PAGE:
At first, social media was seen largely by the professional world as a distraction. Managers discouraged employees from using social media at work in the early days of Facebook and Twitter, because it was seen as precisely that: social. That is to say, not having any professional value. But as advertisers caught wind of the potential for online advertising, and social media companies became global giants, a new reality became apparent. Social media was not a silly distraction, but a potential tool for building real relationships with potential consumers. Unlike “the cold call,” which is as the name suggests, somewhat cold and impersonal, social media allowed sales professionals to build real, organic relationships online, ones that could later be leveraged to drastically impact a company’s revenue. Today, in the U.S., over 90% of companies use social media for marketing. A silly distraction? Hardly.
“At first, social media was seen largely by the professional world as a distraction… But as advertisers caught wind of the potential for online advertising, and social media companies became global giants, a new reality became apparent.”
Social selling has become an important sales tool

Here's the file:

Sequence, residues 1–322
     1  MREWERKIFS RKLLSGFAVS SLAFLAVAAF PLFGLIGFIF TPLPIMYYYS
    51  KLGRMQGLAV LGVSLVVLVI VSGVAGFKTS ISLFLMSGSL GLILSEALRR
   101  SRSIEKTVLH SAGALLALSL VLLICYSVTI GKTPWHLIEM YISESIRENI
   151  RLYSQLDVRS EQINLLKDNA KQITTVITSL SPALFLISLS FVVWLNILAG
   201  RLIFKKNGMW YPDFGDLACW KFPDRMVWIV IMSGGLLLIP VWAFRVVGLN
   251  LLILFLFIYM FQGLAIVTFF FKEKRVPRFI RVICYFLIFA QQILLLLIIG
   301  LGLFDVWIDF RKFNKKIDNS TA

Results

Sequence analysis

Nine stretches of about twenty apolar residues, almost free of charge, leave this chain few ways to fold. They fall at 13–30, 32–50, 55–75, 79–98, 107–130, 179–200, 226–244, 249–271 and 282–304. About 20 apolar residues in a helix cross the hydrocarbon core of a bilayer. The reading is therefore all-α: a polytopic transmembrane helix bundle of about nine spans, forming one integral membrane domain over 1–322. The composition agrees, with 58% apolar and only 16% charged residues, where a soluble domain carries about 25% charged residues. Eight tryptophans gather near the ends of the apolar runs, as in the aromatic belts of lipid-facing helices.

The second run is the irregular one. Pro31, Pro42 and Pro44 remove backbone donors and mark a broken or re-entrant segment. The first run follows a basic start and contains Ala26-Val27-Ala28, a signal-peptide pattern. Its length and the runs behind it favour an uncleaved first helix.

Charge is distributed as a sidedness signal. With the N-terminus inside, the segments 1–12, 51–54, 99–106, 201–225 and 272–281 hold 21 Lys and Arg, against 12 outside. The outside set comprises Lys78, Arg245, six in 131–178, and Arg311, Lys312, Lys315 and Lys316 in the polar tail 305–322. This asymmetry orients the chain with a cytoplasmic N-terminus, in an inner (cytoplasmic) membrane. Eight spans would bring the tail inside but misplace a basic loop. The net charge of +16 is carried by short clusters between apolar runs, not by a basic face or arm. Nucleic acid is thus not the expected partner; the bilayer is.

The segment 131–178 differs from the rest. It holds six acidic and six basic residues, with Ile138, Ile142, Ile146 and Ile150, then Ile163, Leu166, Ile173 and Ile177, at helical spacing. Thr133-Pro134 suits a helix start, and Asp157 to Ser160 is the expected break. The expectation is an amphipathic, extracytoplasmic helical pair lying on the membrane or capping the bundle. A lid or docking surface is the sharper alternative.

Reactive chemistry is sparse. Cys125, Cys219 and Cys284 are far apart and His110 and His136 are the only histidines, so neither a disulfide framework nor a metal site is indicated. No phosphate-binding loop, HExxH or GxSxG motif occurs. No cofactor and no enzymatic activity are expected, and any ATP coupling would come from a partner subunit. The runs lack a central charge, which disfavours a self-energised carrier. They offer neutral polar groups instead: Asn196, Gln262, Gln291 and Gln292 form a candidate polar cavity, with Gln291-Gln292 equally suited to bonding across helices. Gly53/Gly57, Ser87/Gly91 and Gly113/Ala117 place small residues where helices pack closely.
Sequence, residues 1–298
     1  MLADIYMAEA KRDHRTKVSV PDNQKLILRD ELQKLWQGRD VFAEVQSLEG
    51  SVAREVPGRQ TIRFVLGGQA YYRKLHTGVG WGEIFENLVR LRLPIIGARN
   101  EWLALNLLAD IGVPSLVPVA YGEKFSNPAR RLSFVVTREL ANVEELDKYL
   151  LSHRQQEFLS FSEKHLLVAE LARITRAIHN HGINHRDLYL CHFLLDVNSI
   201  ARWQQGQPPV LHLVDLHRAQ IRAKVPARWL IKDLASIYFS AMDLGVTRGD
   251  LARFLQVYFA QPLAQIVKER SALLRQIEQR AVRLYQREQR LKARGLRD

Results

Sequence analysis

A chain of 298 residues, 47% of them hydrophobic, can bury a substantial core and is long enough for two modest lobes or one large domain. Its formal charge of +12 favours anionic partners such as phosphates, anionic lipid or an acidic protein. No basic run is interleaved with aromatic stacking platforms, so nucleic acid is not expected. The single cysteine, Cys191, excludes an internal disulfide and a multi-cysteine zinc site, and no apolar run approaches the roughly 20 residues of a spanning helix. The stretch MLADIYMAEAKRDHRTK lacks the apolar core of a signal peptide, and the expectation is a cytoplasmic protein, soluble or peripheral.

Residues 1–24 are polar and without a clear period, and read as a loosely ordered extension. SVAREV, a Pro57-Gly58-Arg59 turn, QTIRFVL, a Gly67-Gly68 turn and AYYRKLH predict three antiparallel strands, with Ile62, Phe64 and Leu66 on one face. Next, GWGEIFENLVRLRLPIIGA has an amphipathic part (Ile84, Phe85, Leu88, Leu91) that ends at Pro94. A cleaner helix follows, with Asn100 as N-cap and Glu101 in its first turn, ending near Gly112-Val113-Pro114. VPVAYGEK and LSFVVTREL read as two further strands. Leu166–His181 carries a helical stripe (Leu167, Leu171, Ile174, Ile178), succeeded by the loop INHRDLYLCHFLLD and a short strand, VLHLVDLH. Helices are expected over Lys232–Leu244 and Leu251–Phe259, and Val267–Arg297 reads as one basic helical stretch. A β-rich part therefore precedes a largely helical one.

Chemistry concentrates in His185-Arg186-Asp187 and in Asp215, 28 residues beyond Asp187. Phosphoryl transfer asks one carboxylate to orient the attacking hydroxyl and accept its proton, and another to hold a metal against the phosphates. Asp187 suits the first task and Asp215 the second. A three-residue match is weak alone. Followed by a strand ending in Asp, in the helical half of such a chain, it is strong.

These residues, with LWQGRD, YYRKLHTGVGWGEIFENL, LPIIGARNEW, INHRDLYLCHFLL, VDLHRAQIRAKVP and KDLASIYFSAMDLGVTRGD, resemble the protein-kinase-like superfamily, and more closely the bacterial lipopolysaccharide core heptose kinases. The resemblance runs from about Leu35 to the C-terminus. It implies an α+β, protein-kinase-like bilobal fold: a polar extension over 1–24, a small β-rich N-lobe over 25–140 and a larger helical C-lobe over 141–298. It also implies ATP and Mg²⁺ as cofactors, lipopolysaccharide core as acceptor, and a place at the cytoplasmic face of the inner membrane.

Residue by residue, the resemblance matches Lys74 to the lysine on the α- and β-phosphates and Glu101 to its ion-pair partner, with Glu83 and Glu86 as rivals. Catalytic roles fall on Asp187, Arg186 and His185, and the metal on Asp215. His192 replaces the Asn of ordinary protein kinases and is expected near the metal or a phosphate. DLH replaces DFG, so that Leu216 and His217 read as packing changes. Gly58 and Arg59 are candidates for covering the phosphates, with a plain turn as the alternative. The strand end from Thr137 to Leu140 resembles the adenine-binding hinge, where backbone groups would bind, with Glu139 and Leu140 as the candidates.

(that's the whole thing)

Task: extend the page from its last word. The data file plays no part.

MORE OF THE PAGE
Over the past few years, the transition in thinking regarding social media has transformed what was a niche concept into a mainstream sales technique. Called “social selling,” it is now seen by most companies as a necessary component of any complete sales strategy, and a crucial skill for any salesforce. Because ultimately, social selling is about building connections and cultivating relationships, and it is equally effective for B2B and B2C selling. In both cases, credibility and trust can be built online, resulting, when the time is right, in a sale.
However, social media has become even more important over the course of 2020 because of the health crisis. According to a recent EPOKA study, 73% of companies have experienced a reduction of the marketing or communications budget. This number is closer to 80% if you consider companies with more than 1,000 employees. On average, such companies have experienced a staggering decrease of 27%. This means that corporations need a cheaper and more effective alternative to traditional advertising and public relations to spread their brand messaging online. Social selling, which relies on social media and employees, is the ideal solution.